by Gordon Nary
Gordon: Where did you attend university and what was major?
Christina: I attended Yale University and majored in American Studies where I focused my senior project on environmental justice. One of the major reasons I chose Yale was because of their strong community service program at the Dwight Hall for Community Service. During my college years I was very involved in working with the local homeless community, raising environmental issues through the Yale Student Environmental Coalition. I also helped co-found two groups, the Yale Social Justice Network and Salt of the Earth, an initiative to explore the intersection of spirituality and social justice.
Gordon: Where did you earn your graduate degree and in what specialty?
Christina: I received my Masters in Systematic Theology at the Graduate Theological Union in Berkeley, California. My masters thesis explored the theological implications of a Filipino American environmental movement that I was involved with, the Filipino American Coalition for Environmental Solidarity. The study reflected on issues of racial identity, spirituality, and social justice.
Gordon: Where did you complete your religious studies, and what was your favorite course, and why it your favorite?
Christina: While I was pursuing my masters in theology, my “home” school was at the Franciscan School of Theology where I was formed in the beautiful Franciscan spirituality and charism. At that time, the Graduate Theological Union comprised nine different seminaries and theological schools giving me the opportunity to take a diversity of classes. One of my favorite courses was Asian American Biblical Hermeneutics as it gave me an opportunity to read and interpret Scripture from my own experience as Filipina American and the backdrop of Asian American history
Gordon: When did you serve as Executive Director of Ayala Foundation and t were your primary responsibilities?
Christina: From 2004-2005 I served as Executive Director of Ayala Foundation USA which was mobilizing resources within the Filipino American community to support social development projects in the Philippines. There are millions of Filipinos in the United States who have strong ties to the Philippines and are eager to find ways to provide financial and technical support to communities in need.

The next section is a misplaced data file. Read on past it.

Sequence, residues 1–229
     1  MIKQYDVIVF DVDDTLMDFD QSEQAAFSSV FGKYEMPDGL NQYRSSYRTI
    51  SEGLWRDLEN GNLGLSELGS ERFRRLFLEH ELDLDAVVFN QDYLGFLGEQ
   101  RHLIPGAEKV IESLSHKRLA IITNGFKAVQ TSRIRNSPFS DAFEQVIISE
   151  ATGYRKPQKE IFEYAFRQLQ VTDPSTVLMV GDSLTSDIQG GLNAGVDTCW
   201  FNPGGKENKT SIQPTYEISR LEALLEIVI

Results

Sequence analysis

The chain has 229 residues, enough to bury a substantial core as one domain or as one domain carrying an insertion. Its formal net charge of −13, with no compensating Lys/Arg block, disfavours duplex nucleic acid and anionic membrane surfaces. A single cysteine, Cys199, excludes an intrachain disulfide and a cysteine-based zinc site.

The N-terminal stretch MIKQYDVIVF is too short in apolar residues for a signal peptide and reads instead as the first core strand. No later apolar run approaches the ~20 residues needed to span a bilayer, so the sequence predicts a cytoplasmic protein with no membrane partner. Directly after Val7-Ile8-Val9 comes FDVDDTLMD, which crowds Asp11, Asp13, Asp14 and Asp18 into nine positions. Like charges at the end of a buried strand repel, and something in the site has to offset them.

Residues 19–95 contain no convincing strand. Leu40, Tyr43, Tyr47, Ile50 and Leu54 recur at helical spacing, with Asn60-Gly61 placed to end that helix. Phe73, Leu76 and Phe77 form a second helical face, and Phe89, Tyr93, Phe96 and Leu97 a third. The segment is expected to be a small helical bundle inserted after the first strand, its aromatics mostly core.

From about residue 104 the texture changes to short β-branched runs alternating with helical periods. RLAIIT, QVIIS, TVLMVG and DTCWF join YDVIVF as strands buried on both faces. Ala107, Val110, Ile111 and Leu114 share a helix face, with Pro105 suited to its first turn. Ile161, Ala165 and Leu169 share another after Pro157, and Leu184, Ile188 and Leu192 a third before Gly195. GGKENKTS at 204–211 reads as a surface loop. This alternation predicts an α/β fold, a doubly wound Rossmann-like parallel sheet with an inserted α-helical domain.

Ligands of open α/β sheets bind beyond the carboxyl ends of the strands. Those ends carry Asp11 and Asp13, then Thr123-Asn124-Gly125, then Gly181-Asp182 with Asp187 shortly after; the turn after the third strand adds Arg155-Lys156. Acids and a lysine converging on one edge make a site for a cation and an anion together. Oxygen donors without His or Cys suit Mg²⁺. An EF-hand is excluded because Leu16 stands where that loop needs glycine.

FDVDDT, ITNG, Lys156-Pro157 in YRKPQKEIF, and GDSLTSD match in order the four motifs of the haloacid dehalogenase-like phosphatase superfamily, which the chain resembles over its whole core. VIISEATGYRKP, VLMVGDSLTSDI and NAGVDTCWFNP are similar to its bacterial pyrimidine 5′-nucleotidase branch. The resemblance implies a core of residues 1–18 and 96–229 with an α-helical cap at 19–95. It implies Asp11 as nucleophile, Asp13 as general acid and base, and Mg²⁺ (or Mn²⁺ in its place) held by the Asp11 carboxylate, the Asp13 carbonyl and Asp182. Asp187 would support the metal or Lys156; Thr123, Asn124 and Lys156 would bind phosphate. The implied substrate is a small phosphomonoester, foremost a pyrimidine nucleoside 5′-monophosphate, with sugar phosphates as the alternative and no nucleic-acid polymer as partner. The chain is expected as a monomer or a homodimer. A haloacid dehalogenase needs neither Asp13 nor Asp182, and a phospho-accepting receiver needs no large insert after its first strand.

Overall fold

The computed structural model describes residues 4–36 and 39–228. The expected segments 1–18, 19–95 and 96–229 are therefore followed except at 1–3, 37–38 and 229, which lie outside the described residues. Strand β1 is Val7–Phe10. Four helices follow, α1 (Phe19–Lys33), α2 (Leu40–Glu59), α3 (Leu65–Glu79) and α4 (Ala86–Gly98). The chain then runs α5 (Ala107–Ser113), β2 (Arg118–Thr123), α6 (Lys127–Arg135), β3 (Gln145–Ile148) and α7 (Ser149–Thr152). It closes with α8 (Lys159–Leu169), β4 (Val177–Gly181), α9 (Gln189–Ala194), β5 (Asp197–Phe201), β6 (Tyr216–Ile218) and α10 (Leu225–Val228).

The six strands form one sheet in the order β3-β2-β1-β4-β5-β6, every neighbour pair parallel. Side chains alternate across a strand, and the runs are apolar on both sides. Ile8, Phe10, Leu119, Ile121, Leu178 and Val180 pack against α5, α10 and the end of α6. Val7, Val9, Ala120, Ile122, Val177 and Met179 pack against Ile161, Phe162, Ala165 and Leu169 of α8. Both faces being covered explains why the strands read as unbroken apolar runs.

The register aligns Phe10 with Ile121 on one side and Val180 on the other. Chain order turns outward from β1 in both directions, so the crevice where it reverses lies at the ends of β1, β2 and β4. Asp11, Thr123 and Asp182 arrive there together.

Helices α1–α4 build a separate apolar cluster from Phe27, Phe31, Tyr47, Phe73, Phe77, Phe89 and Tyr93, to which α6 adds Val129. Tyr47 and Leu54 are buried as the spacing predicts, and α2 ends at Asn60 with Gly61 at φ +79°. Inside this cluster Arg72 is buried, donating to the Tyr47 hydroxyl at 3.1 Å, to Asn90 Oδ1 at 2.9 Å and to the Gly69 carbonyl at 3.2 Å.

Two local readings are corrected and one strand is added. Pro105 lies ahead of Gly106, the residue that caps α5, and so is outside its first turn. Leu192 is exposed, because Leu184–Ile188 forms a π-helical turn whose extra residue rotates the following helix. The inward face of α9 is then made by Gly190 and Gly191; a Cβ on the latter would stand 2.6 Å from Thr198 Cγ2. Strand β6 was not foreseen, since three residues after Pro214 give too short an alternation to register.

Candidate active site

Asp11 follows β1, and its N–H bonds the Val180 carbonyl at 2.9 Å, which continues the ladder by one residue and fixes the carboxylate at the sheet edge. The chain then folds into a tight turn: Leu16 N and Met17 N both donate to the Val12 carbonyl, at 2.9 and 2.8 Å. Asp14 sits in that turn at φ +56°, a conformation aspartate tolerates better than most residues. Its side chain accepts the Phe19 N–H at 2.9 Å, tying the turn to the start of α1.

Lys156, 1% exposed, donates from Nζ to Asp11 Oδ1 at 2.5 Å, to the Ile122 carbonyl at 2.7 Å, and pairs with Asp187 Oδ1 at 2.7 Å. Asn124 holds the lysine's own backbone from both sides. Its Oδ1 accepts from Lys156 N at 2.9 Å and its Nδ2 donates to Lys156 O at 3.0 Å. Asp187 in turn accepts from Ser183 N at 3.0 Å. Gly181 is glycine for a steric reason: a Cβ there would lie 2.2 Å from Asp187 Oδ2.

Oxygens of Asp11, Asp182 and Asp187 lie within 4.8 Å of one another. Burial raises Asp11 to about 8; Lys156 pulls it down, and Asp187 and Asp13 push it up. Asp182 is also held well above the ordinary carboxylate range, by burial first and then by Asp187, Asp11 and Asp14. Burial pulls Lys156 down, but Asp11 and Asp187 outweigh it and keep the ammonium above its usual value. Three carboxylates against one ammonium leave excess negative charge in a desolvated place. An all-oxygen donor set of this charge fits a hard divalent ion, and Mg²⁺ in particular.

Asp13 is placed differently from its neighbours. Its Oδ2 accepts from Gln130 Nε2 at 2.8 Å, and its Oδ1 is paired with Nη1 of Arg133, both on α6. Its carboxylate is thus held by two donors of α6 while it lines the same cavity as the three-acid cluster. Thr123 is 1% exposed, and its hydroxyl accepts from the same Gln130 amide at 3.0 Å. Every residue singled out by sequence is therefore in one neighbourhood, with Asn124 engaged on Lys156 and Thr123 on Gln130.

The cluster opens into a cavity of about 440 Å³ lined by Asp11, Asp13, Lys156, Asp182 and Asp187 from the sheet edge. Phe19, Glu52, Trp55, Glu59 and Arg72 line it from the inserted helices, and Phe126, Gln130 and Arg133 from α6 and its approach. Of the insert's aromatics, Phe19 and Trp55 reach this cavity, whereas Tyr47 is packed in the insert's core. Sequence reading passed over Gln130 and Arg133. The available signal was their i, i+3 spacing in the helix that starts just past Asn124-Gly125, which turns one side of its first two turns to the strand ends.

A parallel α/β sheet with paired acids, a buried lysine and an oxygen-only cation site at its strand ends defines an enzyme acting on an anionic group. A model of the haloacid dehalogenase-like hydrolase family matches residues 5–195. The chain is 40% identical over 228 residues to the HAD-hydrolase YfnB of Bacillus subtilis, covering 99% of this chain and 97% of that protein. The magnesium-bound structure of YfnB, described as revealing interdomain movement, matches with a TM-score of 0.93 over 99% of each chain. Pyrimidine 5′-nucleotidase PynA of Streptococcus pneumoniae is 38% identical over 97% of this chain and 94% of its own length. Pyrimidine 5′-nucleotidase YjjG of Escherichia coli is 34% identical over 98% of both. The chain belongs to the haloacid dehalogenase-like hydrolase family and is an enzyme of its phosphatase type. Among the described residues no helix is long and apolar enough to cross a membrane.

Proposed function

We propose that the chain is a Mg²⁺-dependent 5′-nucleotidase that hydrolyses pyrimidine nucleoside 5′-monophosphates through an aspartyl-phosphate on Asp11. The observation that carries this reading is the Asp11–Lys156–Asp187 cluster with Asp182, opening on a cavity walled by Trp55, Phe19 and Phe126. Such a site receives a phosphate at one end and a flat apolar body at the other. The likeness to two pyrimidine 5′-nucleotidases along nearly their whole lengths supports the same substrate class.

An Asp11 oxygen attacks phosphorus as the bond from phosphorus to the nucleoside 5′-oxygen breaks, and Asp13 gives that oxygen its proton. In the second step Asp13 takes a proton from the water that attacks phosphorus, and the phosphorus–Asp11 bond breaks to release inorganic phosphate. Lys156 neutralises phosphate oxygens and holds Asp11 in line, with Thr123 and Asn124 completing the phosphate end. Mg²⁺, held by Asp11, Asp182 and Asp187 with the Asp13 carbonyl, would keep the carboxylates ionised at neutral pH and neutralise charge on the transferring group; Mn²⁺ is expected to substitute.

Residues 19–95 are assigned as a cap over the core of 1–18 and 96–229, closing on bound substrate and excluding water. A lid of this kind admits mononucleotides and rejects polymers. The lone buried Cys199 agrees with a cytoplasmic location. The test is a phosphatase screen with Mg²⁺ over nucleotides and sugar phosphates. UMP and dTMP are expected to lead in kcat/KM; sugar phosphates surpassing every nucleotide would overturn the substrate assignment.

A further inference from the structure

Gordon: What were your primary responsibilities when you served as Nonviolence Trainer at Pace e Bene Nonviolence Service, and share with our readers an example of one of your cases.
Christina: As a Nonviolence Trainer for Pace e Bene Nonviolence Service I facilitated workshops and retreats on the spirituality of nonviolence for schools, faith communities, and interested individuals. One of my favorite skills was to share the two hands of nonviolence. This is an approach to difficult situations or people that invites you to have an open heart, while also addressing any injustice, sin, or inappropriate behavior. It invites you to go beyond either-or thinking and to walk the nonviolent path, of seeing others as beloved children of God.
Gordon: What is your favorite memory when you served as Interpretative Staff at East Bay Regional Park District?
Christina: I loved having the opportunity to guide people in one of my favorite areas in the East Bay area in California, Redwood Regional park. The park held trees that were hundreds of years old. If we were lucky we might run into one of my favorite creatures, the banana slug.
Gordon: When and why did you cofound the Filipino/American Coalition for Environmental Solidarity and what was one of the major challenges that you had to address?
Christina: After college I served as a volunteer in the Philippines with an environmental group, the People’s Task Force for Bases Clean Up. This group was addressing the toxic waste left behind at the former US military bases, Clark and Subic. Surrounding communities were plagued with health issues as a result of their water, air, and land polluted by the US military presence. After 2.5 years I returned to the United States and co-founded FACES to mobilize the Filipino American community on this critical environmental issue.
Gordon: What were your responsibilities as Hospital Chaplain Resident at Alta Bates SummitMedical Center?
Christina: As a hospital chaplain resident I provided pastoral and spiritual care to individuals in the oncology unit and geriatric psychiatric unit. This included anything from listening to the concerns or fears of patients to leading groups in simple movement meditations. Every hospital chaplain resident had to be on call and in those situations I might be called to lead a prayer service for someone who was dying unexpectedly or even lead an emergency baptism. It was a privileged opportunity to be with people during such tender and vulnerable moments.
Gordon: What is one of your favorite memories when you were at Our Lady of the Redwoods, Cistercian Monastery?